If a claim triggers run-off protection, a $5,000 deductible applies and you are boundby all of the same obligations to assist in the defence as a lawyer in active practice. This includes the obligation to promptly provide notice of a claim, provide access to the relevant files, assist in the defence and to otherwise abide by the terms and conditions of the policy.

Other insurance may respond to claims made after retirement, including the excess E&O policies maintained by your former firm and partners. However, if you are relying on your former firm to have adequate coverage in place to respond to a claim made against you during retirement, you may be in for an unpleasant surprise. Problems that arise include (but are in no way limited to):

  • The firm doesn’t carry excess insurance. Maybe it once did, but let it lapse. Maybe it never had excess insurance. Unless you have an agreement in place that places an obligation on your former firm to continue to carry this coverage, you can’t compel your former firm to maintain excess coverage.
  • The firm has excess insurance, but it doesn’t extend to you. Perhaps the firm changed excess insurers and the new policy doesn’t extend to former members of the firm. Maybe the structure of the firm has changed and the policy doesn’t include members of the old firm. Once you leave a firm you may not know what changes are taking place that could adversely affect you.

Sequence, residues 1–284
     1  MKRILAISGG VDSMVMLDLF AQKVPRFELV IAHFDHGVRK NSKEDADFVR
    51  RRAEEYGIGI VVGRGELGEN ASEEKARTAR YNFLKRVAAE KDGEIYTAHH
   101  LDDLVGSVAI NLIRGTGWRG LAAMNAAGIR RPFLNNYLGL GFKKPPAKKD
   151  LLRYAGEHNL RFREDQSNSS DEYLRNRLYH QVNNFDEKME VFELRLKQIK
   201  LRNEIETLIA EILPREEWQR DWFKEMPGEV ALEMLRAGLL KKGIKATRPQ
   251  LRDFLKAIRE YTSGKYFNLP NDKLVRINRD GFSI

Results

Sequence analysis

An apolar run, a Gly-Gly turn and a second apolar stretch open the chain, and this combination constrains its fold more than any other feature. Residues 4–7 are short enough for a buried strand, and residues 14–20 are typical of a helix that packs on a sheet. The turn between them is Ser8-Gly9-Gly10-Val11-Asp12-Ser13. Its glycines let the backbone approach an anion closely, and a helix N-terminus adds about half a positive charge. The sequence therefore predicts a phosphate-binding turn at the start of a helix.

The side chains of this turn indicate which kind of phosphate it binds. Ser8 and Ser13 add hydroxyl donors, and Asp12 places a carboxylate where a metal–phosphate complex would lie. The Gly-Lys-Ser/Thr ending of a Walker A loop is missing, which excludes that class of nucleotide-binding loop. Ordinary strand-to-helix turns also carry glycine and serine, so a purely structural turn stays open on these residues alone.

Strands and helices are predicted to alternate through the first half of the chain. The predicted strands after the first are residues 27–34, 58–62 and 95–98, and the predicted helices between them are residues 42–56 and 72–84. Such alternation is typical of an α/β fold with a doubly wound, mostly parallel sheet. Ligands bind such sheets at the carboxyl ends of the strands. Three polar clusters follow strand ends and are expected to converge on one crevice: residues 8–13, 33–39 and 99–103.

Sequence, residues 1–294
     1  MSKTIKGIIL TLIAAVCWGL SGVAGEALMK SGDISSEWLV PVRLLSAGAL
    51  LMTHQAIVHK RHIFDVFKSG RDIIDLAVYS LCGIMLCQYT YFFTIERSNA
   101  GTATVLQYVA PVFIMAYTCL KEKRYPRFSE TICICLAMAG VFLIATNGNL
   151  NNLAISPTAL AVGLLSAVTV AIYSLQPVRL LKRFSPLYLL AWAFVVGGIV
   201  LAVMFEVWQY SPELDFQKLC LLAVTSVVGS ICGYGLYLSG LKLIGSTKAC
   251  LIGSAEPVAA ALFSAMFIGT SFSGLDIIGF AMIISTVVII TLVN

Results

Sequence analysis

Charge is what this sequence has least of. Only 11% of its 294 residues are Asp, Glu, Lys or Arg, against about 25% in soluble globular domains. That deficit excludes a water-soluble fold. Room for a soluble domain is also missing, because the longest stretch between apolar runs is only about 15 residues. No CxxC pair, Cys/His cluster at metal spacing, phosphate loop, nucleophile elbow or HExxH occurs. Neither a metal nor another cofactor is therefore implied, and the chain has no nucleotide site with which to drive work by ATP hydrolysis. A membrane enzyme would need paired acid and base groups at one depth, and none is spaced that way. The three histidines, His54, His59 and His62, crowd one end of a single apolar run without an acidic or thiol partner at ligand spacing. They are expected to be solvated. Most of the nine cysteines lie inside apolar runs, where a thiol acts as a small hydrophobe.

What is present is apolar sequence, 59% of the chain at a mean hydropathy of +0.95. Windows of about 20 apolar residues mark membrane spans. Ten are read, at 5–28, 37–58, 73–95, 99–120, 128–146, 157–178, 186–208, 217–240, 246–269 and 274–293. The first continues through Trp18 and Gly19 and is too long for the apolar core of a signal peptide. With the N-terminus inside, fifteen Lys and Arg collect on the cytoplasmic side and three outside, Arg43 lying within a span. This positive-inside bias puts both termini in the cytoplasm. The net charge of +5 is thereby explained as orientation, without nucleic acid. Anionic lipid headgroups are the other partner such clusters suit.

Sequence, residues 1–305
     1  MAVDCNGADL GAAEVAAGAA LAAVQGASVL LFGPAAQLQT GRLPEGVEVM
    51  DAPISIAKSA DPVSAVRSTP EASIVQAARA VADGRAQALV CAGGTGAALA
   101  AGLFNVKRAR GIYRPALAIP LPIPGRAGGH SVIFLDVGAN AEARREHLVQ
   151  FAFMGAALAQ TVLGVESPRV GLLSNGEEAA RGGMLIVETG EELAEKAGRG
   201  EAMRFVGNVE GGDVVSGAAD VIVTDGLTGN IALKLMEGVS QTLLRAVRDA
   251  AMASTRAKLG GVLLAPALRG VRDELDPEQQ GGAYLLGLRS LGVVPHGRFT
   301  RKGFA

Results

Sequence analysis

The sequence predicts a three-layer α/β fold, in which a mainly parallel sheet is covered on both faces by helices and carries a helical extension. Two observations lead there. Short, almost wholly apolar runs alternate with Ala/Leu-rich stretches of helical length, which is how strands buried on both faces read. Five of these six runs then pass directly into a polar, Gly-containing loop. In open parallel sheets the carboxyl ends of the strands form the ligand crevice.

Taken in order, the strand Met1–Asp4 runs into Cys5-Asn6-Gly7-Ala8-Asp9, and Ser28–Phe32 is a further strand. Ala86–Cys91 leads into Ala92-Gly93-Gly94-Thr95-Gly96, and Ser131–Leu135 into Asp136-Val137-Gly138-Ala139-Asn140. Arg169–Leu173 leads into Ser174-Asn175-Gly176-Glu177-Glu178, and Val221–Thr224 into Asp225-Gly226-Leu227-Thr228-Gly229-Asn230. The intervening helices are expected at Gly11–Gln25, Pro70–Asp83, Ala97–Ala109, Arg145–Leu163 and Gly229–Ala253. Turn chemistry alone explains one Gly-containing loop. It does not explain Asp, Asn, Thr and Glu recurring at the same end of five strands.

• The wording of the excess policy has changed and the claim is no longer covered. Changes in limits, terms, conditions or exclusions may all have an impact on what coverage is available to you in the event a claim is made.
  • Other claims exhaust the firm’s limits. Claims made against the other members of the firm (current members and former ones like you) can erode the limits available leaving you personally exposed.
  • The claim doesn’t relate to services performed on behalf of your former firm. The claim may relate to services provided to an earlier unrelated firm that you worked for, or to legal advice or services that you provided outside of your work for the firm, such as for friends, community groups, or family members. If the work wasn’t done on behalf of the former firm, that firm’s coverage may not apply.
  • You don’t have access to your former firm’s insurance policies. Without having a copy of the policy and knowing who the insurer is, you will not know what (if any) coverage is provided to you, what conditions have to be met, how notice of claim is to be given, or what you need to do to avoid a possible denial of coverage.